Despite protests from many in the apple industry who say the gain is not worth the risk, the process is continuing that could bring Arctic Apples into orchards as early as next year and consumer markets within three years.
Arctic Golden and Arctic Granny are the names of two non-browning apple cultivars that have been produced, using biotechnology, by Okanagan Specialty Fruits, Inc., of Summerland, British Columbia. The parent apples are Golden Delicious and Granny Smith.
On July 13, the U.S. Department of Agriculture’s Animal and Plant Health Inspection Service opened a 60-day period during which people may submit comments. It is part of a new review process that gives two opportunities for public comment.
Neal Carter, founder and president of Okanagan Specialty Fruits, in a phone interview with Good Fruit Grower, said the goal is to obtain a FONSI—a Finding of No Significant Impact—which would allow the apples to come to market in the same non-regulated way all apples are marketed.
In a company press release, Carter said:
“We have approximately 10 years of real-world field trial experience demonstrating that our Arctic trees behave no differently from conventional trees, and that Arctic apples are compositionally and nutritionally similar to conventional apples,” said Carter. “It’s not until an Arctic apple is bruised, bitten, or cut and doesn’t brown that the Arctic difference becomes very clear.”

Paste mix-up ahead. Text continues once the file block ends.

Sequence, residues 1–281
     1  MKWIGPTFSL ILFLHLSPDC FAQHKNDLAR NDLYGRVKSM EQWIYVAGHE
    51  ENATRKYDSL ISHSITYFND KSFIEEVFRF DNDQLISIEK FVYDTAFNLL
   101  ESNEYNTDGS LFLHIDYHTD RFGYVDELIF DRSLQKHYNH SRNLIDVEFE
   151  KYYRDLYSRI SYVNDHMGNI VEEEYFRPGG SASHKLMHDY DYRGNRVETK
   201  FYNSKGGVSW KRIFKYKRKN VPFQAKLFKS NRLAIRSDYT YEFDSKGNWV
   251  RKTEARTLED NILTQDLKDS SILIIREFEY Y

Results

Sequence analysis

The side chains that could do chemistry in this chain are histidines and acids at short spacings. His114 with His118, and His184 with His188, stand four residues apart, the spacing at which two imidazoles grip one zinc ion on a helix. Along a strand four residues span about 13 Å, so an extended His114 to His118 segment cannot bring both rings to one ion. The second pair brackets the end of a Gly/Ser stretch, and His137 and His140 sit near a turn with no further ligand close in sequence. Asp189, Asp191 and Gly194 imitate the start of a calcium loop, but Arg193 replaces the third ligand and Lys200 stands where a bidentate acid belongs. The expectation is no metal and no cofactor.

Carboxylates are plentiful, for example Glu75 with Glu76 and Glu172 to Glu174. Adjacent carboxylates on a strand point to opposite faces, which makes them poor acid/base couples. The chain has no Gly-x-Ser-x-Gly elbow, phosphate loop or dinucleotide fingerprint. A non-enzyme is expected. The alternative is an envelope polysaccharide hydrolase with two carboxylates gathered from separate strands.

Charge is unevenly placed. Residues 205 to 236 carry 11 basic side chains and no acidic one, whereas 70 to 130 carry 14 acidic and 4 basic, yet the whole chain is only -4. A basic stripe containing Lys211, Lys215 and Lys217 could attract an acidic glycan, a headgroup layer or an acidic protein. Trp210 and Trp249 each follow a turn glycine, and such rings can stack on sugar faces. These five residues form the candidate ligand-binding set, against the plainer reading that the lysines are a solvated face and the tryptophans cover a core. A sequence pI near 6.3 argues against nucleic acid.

Arctic apples were created by inserting a reversed orientation version of an apple gene, thus canceling, or “silencing,” the effect of the normal gene. That gene causes an apple to create polyphenol oxidase (PPO), the enzyme the causes browning when the fruit is bruised, bitten, or cut.
“Arctic Golden and Arctic Granny are just our first non-browning varieties,” Carter said. “Any apple variety can be transformed this way.”
In the future, Carter would like to attack apple scab and storage scald in a similar manner. Some apples contain genes for resistance to apple scab, but the breeding process transforms the whole apple. Biotechnology allows introduction of a specific gene, keeping the parent variety otherwise virtually unaltered.
Apple industry organizations have opposed introduction of the non-browning apples. They say browning is not a serious enough issue to risk turning the public against apples, fearing negative consumer reaction to biotechnology.
Carter said he has confidence in the science-based decision-making process APHIS uses in making the determination. “We do anticipate they will be deregulated,” he said. “We have simply turned off an enzyme that spoils the appearance, flavor, and nutrient value of apples.”
While he does not think marketing issues should affect decisions about the safety of Arctic apples, he disagrees that browning is not a serious issue.
“Browning is a huge drag on the apple industry,” he said, noting that restaurants are deterred from serving dishes containing apples because the slices turn brown.
Good Fruit Grower will publish more from the interview with Neal Carter, and industry reaction, in our September issue.
After growing up on a Michigan dairy farm, Richard Lehnert began writing about farming in 1962, while still a junior studying journalism at Michigan State University. He worked at newspapers for a year before joining the staff of Michigan Farmer, where he spent 26 years, the last 15 as chief editor. He joined the staff of Good Fruit Grower in 2010.
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